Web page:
Anti-birthright citizenship Arizona state Rep. John Kavanagh has changed his mind about possibly removing a post 9/11 hate crime victim's name from a memorial.
Earlier this year, Kavanagh introduced House Bill 2230, which would remove panels containing 11 phrases that Kavanagh considers offensive from an Arizona 9/11 memorial. Among the phrases proposed to be removed was the name of Balbir Singh Sodhi, a Sikh man who owned a gas station in Mesa and was killed on September 15, 2001. His murderer, who is currently serving a life sentence, mistook Singh Sodhi's turban for Arab garb and also fired at two other Middle Eastern targets that day.
Kavanagh said he believed the memorial should be limited only to victims of the events of 9/11, not the aftermath, the Arizona Republic reports. He also said he'd be willing to have a separate plaque commemorate Singh Sodhi's murder as long as it wasn't attached to the 9/11 memorial. But after meeting with Singh Sodhi's family and local Sikh community members, the state representative has apologized, saying he misunderstood the case. He also agreed that should the bill be signed into law by Arizona Gov. Jan Brewer by Monday, he would introduce follow-up legislation in January that would put Singh Sodhi's name back on the memorial.
Kavanagh said that he was more concerned about political statements on the memorial that he considers "American bashing" - statements such as "You don't win battles of terrorism with more battles" and "Feeling of invincibility lost."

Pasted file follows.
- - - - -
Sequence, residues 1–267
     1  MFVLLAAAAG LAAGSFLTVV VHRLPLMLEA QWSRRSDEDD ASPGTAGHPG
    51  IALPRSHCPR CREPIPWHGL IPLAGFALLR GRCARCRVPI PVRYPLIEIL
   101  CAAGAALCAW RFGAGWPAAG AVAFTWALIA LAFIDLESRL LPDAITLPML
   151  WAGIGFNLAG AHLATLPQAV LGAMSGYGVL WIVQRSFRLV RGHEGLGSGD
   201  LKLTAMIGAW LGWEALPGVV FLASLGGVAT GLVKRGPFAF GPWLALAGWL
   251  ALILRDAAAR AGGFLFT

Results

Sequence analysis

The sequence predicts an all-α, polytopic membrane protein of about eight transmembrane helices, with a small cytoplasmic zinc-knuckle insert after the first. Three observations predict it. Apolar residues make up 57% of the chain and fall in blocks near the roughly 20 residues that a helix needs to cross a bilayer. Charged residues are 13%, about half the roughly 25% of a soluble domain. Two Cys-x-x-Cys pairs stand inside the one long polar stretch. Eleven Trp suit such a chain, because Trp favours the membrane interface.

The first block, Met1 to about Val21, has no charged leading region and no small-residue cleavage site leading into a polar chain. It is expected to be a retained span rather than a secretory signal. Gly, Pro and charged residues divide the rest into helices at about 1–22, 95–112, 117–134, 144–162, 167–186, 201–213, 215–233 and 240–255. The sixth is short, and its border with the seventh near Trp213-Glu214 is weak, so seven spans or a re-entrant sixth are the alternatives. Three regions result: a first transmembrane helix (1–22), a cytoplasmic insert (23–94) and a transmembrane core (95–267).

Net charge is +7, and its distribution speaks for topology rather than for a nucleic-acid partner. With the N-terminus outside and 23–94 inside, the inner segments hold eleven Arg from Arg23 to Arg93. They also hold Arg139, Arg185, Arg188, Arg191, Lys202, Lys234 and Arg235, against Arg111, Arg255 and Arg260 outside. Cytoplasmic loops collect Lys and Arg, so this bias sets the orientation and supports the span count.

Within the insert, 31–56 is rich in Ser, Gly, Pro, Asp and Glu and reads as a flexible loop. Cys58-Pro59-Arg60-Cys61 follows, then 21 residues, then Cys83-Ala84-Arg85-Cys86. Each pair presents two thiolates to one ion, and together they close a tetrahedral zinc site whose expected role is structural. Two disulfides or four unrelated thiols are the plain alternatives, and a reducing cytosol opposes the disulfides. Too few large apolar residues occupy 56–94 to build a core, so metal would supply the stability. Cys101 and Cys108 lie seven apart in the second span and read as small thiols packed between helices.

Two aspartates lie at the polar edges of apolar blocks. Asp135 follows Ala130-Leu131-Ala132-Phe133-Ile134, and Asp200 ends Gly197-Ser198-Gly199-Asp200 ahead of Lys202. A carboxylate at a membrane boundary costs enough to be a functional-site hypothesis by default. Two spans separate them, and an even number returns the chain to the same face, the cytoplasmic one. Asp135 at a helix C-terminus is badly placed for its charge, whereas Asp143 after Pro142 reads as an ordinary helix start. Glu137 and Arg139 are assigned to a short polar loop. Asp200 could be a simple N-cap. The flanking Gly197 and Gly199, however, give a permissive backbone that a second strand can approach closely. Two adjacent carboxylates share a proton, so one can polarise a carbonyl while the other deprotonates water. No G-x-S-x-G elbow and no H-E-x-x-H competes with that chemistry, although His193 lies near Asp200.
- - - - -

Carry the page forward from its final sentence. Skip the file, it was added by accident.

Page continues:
The controversial bill has received widespread criticism. The citizens committee, the 9/11 Commission, that planned the memorial is against it, and the Sikh civil rights and educational group SALDEF expressed outrage over the legislation.
"HB 2230, sponsored by Rep. John Kavanagh, disrespects Mr. Sodhi's memory by removing his name from the memorial and seeks to rewrite your state's history. The bill insensitively sells his memorial plaque to a scrap metal dealer. . . As we approach the ten year anniversary of his death, is this the way Arizona will treat the first person killed in 9/11 backlash?" a SALDEF petition read.
Fellow Republicans have also come out against the bill. Former Maricopa County Attorney Rick Romley, who prosecuted the case against Singh Sodhi's murderer, said he would urge Brewer to veto the bill, which passed both houses and was sent to the Governor last week.
"He's dancing, he's trying to get away, its bad legislation. He didn't do his homework," Romley told the Arizona Republic.
Singh Sodhi's brother, Rana Singh Sodhi told the Arizona Republic that he still opposes the bill, but by proposing follow-up legislation, Kavanagh was at least admitting that the original bill is flawed.